FORT WORTH, Texas — The 2019 West Virginia University football season did not go out with a whimper on Friday.

The Mountaineers, already eliminated from bowl eligibility, struggled to do much of anything positive the entire game before a late touchdown pass from Jarret Doege to Isaiah Esdale lifted West Virginia to a 20-17 win at TCU. The loss also keeps TCU out of a bowl game this season.

“Huge win to finish the year,” first-year WVU coach Neal Brown said during his postgame press conference at TCU’s Amon G. Carter Stadium. “It has been a long year, but I thought our guys battled. We played, really, three poor halves. We’ve been in every league game the whole season with the exception of Oklahoma in the fourth quarter, but we haven’t won enough. The last three games of the season, we win two of those — two on the road — versus some really proud programs. It’s big for us in this first year of us building a program and playing a lot of young guys.”

The Horned Frogs (5-7 overall, 3-6 Big 12) got the ball first and were driving near midfield when quarterback Max Duggan’s pass was broken up by WVU safety Sean Mahone and eventually intercepted by Mountaineer freshman Tykee Smith, who returned the ball deep into TCU’s side of the field.

West Virginia (5-7, 3-6 Big 12) quickly capitalized on the TCU mistake. Doege’s first pass of the day was complete to Sean Ryan for 10 yards and two plays later Doege, a Bowling Green transfer starting his third game this season for WVU, found sophomore running back Leddie Brown open out of the backfield for a 4-yard touchdown pass.

WVU’s defense held off the Horned Frogs again on the following drive, but after a West Virginia three-and-out it was the Frogs’ turn to score some points.

TCU’s Taye Barber opened the drive with a 64-yard run down to the WVU 11. Duggan went for 7 yards on the next play before Sewo Olonilua had back-to-back 2-yard runs to cap the drive, and Jonathan Song’s extra point tied the game 7-7 with a little more than five minutes to play in the quarter.

The Frogs opened the second quarter with another scoring drive, but this was a long one.

TCU took over at its own 33-yard line and on the final play of the first quarter Barber ran for 29 yards. Once the quarter changed, the Frogs went to work grinding on the West Virginia defense. The Mountaineers, however, held strong at the end as TCU was forced into a Song field goal rather than a touchdown to go ahead 10-7.

WVU responded with a scoring drive of its own.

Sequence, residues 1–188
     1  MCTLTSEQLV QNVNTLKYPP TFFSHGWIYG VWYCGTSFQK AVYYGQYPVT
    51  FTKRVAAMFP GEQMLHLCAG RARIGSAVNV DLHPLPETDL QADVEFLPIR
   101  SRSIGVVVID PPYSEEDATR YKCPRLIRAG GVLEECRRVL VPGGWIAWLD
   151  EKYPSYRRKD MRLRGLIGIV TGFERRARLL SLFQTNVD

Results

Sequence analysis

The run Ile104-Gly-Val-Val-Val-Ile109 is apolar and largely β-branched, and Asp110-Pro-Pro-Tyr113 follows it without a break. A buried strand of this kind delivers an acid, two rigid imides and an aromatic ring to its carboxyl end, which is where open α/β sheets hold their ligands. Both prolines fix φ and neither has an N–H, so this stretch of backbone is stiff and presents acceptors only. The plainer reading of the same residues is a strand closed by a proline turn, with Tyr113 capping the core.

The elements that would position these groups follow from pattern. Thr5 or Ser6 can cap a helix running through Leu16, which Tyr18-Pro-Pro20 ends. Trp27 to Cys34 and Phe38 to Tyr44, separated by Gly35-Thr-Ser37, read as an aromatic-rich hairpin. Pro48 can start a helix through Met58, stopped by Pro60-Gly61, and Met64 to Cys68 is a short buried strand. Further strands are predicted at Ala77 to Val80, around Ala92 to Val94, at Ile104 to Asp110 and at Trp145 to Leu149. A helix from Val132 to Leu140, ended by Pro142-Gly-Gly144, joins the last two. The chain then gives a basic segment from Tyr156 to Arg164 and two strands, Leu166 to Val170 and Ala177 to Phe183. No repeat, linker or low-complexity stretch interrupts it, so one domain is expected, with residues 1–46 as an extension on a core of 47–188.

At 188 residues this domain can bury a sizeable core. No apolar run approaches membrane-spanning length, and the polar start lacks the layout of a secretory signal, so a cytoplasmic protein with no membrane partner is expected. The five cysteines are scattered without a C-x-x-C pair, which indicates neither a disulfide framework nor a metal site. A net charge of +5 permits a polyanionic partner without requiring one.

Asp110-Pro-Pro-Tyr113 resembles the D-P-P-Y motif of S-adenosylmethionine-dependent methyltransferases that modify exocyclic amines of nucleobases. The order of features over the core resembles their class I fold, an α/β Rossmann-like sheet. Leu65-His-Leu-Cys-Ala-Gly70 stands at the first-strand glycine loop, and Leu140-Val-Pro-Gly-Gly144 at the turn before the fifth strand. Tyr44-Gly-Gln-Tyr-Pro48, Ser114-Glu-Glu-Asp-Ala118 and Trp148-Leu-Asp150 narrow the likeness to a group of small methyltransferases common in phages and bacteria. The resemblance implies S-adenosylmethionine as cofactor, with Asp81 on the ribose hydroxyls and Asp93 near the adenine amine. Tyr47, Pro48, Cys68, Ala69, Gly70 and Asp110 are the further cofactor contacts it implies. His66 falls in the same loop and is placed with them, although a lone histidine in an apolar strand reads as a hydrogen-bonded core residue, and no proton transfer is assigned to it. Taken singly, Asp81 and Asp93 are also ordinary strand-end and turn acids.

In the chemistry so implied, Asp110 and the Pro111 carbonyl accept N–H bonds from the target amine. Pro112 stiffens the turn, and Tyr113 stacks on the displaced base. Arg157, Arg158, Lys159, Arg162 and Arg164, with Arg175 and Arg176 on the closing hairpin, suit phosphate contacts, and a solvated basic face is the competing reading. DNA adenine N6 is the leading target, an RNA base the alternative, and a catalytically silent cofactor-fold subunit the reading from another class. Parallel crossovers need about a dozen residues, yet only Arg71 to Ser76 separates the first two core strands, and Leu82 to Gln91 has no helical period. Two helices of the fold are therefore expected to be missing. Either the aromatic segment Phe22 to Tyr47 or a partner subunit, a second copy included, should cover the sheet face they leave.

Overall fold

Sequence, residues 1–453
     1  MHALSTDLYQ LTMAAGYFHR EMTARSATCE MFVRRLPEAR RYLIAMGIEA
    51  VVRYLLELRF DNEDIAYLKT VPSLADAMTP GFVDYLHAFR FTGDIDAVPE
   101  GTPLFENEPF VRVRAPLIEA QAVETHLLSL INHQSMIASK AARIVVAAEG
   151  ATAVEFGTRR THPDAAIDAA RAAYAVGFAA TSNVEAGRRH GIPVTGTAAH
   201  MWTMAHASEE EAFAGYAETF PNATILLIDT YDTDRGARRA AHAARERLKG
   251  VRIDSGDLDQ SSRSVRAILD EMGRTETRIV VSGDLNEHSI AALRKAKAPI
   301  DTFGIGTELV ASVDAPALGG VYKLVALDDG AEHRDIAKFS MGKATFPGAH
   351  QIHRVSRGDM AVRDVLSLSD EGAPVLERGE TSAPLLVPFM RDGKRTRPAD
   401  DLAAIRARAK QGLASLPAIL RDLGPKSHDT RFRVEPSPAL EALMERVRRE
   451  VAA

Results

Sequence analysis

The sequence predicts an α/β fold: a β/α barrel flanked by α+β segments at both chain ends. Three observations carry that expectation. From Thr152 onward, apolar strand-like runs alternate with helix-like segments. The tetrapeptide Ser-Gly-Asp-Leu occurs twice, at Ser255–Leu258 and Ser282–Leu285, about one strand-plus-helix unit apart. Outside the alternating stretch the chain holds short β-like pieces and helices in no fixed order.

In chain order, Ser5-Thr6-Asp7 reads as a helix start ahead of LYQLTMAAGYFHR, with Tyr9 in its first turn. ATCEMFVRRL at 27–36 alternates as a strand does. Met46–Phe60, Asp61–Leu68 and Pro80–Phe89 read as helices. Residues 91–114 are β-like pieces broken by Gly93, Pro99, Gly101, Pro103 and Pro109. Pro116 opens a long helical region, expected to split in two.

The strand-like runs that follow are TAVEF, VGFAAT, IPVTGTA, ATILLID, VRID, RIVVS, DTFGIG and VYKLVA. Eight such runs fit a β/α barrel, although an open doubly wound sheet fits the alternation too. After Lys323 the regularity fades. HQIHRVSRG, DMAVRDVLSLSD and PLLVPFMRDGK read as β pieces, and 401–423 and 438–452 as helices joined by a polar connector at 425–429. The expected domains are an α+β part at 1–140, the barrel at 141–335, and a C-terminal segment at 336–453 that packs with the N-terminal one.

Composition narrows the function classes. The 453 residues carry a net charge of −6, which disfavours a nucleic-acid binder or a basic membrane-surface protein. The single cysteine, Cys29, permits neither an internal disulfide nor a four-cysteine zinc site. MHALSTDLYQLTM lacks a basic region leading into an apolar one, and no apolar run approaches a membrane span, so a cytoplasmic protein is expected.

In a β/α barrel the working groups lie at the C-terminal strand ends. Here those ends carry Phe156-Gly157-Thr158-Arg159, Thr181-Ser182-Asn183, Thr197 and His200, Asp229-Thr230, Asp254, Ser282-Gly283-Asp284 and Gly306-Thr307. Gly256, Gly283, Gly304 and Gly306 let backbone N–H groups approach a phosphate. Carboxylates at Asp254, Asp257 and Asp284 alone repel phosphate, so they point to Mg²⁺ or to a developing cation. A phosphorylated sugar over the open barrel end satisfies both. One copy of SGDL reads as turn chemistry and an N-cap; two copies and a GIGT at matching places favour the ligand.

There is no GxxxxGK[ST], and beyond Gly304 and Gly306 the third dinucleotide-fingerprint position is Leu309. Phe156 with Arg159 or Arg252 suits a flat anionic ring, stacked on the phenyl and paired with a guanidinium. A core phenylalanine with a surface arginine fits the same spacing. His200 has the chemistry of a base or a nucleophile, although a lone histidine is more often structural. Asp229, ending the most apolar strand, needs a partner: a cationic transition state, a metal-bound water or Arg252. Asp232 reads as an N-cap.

Doege, Brown and receivers T.J. Simmons and Sam James each had a hand in moving the Mountaineers down the field but the drive stalled inside the TCU 25-yard line. Evan Staley’s 40-yard field goal attempt was good and tied the game 10-10.

West Virginia got the ball to start the third quarter, but like the Frogs in the first quarter the Mountaineers threw an interception on the first drive of the half. On the fourth play of the quarter, Doege went deep over the middle and was picked off by TCU’s Ar’Darius Washington. The Frogs couldn’t do anything with the possession and were forced to punt back to West Virginia. WVU, however, couldn’t do anything with its possession either and was forced to punt.

The Mountaineers have been pretty good defending against punt returns this season, but that broke down Friday when TCU’s Jalen Reagor — one of the most dangerous kick returners in the country — found some room to run and took a Josh Growden punt 70 yards for a touchdown to put the Frogs ahead 17-10.

The WVU defense helped keep the Mountaineers in the game all day, and did so again late in the quarter when Mahone got his hands on a Duggan pass to give the Mountaineers possession.

“[WVU defensive coordinator] Vic [Koenning] and the defensive staff have given us a chance all year,” Brown said. “Guys have bought in. We’ve been able to get pressure and I think our defensive front has been the difference. We flew around today. We only gave up one touchdown against their offense, and they’ve been really good running the ball. We kind of bent but never broke in the second half.”

Senior running back Kennedy McKoy opened the drive with a 36-yard run — West Virginia’s longest run from scrimmage all season — but the Mountaineers were held to just a field goal on the drive.

Both defenses played well into the fourth quarter, as neither team was able to find much room to do anything on offense in the final period before West Virginia’s final drive, which covered 61 yards in seven plays and was capped with the 35-yard pass from Doege to Esdale, who just slipped in the front corner of the end zone by the pylon for the game-winning touchdown.

Doege finished the game 20 of 35 passing for 158 yards with two touchdowns and three interceptions. For TCU, Duggan went 16 of 37 for 149 yards with two interceptions. As a team, West Virginia managed just 244 total yards compared to 297 for the Horned Frogs. As a result of the loss, TCU coach Gary Patterson will miss a bowl game with the Frogs for just third time in 22 seasons.

“Can’t give ball games away,” Patterson said after the game. “Can’t play offense on 2nd and 15. Can’t keep drives alive with personal fouls. Plain and simple. Only a few times in my life since I’ve been here that we’ve lost when I hold people under 300 yards. And that’s happened twice this year. There won’t be any players talking. They’re not very happy with me right now and I’m not very happy with them to be honest with you. I feel sorry for my seniors I couldn’t get them back to a bowl game. Simple as that.”

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